AAAI Fall Symposium on
Anchoring Symbols to Sensor Data
in Single and Multiple Robot Systems

On-Line Proceedings

 

Foreword

The focus of this Symposium is on the connection between abstract- and physical-level representations of objects in autonomous robotic systems. We call "anchoring" the process of creating, and maintaining in time, this connection. Anchoring can thus be seen as a special case of symbol grounding where the symbols denote physical objects.

Anchoring must necessarily occur in any physically embedded system that comprises a symbolic reasoning component. A typical example is the problem of connecting, inside an autonomous robot, the symbol used by a symbolic planner to refer to a physical object to the data in a perceptual system that pertains to the same object. This connection must be dynamic, since the same symbol must be connected to new percepts when the same object is re-acquired. For instance, a robot may be asked to identify and track a specific person in a crowd using visual data and given a linguistic description.

Anchoring must also occur in a multiple robot system whenever the robots exchange information via symbolic representations. We talk in this case of "grounded communication". A typical example is the problem of establishing the correspondence between the symbols used by two different robots embedded in the same physical environment to refer to the same physical object. In RoboCup, for instance, knowledge about the objects in the domain may need to be exchanged between robots. Grounded communication is also needed for efficient human-robot cooperation.

The main preoccupation of this Symposium is a practical one. Although all existing robotics systems that comprise a symbolic reasoning component implicitly incorporate a solution to the anchoring problem, this solution is typical hidden in the code, and it is developed on a system by system basis on a restricted domain. The ambition of this symposium is to create an interdisciplinary community that will develop a general theory of anchoring. In particular, we are interested in unveiling the computational aspects of anchoring, including the functionalities and representations needed to perform it. We believe that having such a theory will greatly advance our ability to build intelligent embedded systems, and to transfer techniques and results between different systems.

The Symposium includes invited talks, presentations of technical papers and position papers, and panel discussions. These pre-symposium proceedings collect the abstracts of the invited talks, plus the full text of the technical papers and position papers. The papers are available in either PDF or PostScript format. PostScript files are compressed using gzip. File size is indicated on the left.

Sivia Coradeschi and Alessandro Saffiotti
Symposium Chairs

 

Invited Talks

Higher-order behavior-based systems,
Ian D. Hoswill
Northwestern University, Illinois, USA

Conceptual spaces: bridging symbolic, conceptual and connectionist,
Peter Gärderfors
Lund University, Sweden

The Selective Tuning model of visual attention and its impact on behaviour-based control architectures,
John Tsotsos
York University, Toronto, Canada

 

Technical Papers

[157K]  Symbol-anchoring in Cassie
S.C. Shapiro and H.O. Ismail
Univ. of Buffalo, New York, USA

[140K]  Using behavior activation value histories for updating symbolic facts
F. Schönherr, M. Cistelecan, J. Hertzberg, and T. Christaller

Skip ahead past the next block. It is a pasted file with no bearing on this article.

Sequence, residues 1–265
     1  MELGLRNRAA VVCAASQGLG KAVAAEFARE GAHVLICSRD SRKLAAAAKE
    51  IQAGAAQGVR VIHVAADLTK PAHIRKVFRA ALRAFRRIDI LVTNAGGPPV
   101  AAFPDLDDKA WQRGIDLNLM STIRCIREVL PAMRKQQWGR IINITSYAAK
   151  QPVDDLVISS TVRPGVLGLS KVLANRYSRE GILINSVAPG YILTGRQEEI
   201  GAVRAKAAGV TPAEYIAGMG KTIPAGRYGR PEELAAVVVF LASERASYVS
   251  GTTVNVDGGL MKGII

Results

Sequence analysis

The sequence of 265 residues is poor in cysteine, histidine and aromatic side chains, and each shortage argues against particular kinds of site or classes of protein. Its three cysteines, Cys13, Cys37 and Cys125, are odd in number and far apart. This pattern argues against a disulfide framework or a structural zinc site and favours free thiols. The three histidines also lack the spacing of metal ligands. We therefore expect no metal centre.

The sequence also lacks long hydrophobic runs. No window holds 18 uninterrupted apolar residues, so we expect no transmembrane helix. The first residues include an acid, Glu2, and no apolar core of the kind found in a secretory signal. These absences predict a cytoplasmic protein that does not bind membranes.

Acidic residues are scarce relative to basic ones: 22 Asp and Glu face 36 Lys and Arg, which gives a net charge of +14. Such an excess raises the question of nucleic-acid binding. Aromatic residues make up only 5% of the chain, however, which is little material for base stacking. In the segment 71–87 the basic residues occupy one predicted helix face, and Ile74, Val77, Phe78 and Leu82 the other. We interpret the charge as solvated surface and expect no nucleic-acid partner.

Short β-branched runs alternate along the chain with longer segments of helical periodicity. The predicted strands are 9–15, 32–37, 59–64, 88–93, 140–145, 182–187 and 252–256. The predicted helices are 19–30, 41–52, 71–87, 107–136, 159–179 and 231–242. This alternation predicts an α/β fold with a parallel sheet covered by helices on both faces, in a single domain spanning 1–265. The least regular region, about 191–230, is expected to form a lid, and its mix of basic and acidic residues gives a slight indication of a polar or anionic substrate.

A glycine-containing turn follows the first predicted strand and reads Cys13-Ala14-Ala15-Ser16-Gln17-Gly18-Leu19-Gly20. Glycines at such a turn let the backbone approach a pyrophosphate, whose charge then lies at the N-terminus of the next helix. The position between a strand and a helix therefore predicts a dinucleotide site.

Fraunhofer, Germany

[73K]  Toward bootstrap learning for place recognition
B.J. Kuipers and P. Beeson
Univ. of Texas, USA

[930K]  Perceptual attention through image feature generation based on visio-motor map learning
M. Asada and T. Minato
Osaka Univ., Japan

[108K]  From stereoscopic vision to symbolic representation
P.E. Santos and M.P. Shanahan
Imperial College, UK

[541K]  Interpreting symbols on conceptual spaces: the case of dynamic scenarios
A. Chella, M. Frixione, and S. Gaglio
Univ. of Palermo, Italy, and Univ. of Salerno, Italy

[251K]  Deriving fluents from sensor data for mobile robots
M. Witkowski, D. Randell, and M.P. Shanahan
Imperial College, UK

[231K]  Perception-action coupling via imitation and attention
G. Maistros, Y. Marom, and G. Hayes
Univ. of Edimburgh, UK

[2.0M]  Learning task representations from experienced demonstrations
M.N. Nicolescu and M.J. Mataric
Univ. of Southern California, USA

[123K]  Embodied AI: symbol grounding through imagination
H. Tsukimoto
Tokyo Denki Univ., Japan

[56K]  Some similarities between anchoring and pattern recognition concepts
I. Bloch and A. Saffiotti
ENST, France, and Orebro Univ., Sweden

[162K]  Anchoring: do we need new solutions to an old problem or do we have old solutions for a new problem?
A. Bonarini, M. Matteucci, and M. Restelli
Politecnico of Milano, Italy

[238K]  Symbol grounding in communicative mobile robots
P. Vogt
Univ. of Maastricht, The Netherlands

[157K]  HIVEMind: grounding interface in cooperative activity
A. Khoo and I.D. Horswill
Northwestern University, Illinois, USA

[85K]  Grounded models as a basis for intutitive reasoning: the origins of logical categories
J. Sierra-Santibáñez
Autonomous Univ. of Madrid, Spain

 

Position Papers

[48K]  Vision-based tracking for neutral buyoancy simulation
E.M. Atkins and R.S. Peasco
Univ. of Maryland, Maryland, USA

[90K]  Grounding robot behaviors
L. Hugues and A. Drogoul
Pierre & Marie Curie Univ., France

[14K]  Project Joshua Blue: common sense via common experience
S.S. Adams, S. Burbeck, N. Alvarado, and C. Latta
IBM Reseach, USA

[122K]  Grounded symbolic communication requires competitive adaptation of representations
D. Jung
Oak Ridge National Laboratory, USA

[57K]  Labeling for a learning mobile robot
N. Bredeche and J.D. Zucker
Pierre & Marie Curie Univ., France

[18K]  Towards memorizing by adjectives
A. Ayesh
De Montfor Univ., UK

 

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Last updated on Oct 2, 2001